The Resource Curse

It's no coincidence that developing countries rich in gold and diamonds have the poorest populations. According to the Worldwatch Institute, "Mineral dependence has been shown to slow and even reduce economic growth in developing countries — a phenomenon economists have dubbed 'the resource curse.'" In Africa, for example, 60 percent of all private investment goes to the mining sector, and extracting raw materials for export provides no added value. Countries like the Philippines are left with a dwindling patrimony and a legacy of environmental degradation.

Percent of the world's undeveloped forests threatened by mining: 40
Percent of the world's energy consumed by the mining industry: 7 to 10
Tons of acid-rain-causing sulfur dioxide emitted each year by the mining industry: 142 million
Estimated percent of the world's gold production that will come from indigenous people's lands between 1995 and 2015: 50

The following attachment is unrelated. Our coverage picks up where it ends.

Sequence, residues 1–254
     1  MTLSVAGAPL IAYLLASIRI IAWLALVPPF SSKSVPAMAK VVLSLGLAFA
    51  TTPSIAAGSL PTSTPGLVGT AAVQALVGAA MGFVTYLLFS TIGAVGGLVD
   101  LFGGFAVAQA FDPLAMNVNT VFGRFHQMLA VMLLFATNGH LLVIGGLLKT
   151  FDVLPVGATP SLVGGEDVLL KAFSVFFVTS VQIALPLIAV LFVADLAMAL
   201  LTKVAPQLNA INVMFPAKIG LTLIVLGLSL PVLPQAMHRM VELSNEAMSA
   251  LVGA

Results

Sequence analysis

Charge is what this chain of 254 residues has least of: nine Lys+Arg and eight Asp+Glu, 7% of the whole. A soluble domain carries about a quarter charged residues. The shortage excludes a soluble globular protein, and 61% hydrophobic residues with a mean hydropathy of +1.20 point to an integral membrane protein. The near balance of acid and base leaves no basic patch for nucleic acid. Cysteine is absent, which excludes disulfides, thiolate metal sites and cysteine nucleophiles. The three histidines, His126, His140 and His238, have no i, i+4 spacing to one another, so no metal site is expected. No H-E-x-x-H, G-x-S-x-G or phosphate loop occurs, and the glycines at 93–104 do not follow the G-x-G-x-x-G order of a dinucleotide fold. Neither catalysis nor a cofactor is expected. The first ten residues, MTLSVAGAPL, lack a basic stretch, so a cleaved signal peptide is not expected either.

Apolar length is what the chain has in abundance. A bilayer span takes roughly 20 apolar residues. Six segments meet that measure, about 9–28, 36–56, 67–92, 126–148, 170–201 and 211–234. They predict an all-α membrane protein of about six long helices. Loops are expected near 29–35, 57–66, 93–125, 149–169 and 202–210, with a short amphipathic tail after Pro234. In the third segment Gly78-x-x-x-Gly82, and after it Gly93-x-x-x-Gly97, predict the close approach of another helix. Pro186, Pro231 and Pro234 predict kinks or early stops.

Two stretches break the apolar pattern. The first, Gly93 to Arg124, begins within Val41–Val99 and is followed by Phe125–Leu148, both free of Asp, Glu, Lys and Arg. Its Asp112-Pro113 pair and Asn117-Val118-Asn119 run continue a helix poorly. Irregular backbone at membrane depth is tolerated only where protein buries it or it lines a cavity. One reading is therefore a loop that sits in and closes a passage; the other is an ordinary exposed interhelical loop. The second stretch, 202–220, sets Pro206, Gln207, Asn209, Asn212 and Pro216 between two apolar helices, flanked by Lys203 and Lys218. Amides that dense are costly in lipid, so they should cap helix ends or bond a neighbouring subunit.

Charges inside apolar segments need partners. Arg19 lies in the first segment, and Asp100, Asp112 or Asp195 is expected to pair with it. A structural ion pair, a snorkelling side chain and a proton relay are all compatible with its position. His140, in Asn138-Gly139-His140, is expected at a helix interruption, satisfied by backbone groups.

Average tons of waste generated at a mine site to produce a single gold ring: 3
Percent of gold refined in 2001 that went to the jewelry trade: 82
Tons of toxic sludge released into the Philippines' Boac River by a Canadian mining company when its storage pit ruptured in 1996: 3 million
Tons of contaminated waste poured into Indonesia's Ajkwa River each year by the U.S. mining company Freeport-McMoRan, which is working one of the world's richest gold belts, on the island of Irian Jaya: 70 million
Percent of world gold separated from waste ore by cyanide heap-leaching: 85
Dose of cyanide that will kill an average adult: 1 teaspoon of 2 percent cyanide solution

Sources: The Worldwatch Institute, the Mineral Policy Center, and Greenpeace International

On the Web: To find out about the consumer campaign against the gold-mining industry, visit For more on the environmental and social costs of mining, visit,, or Project Underground at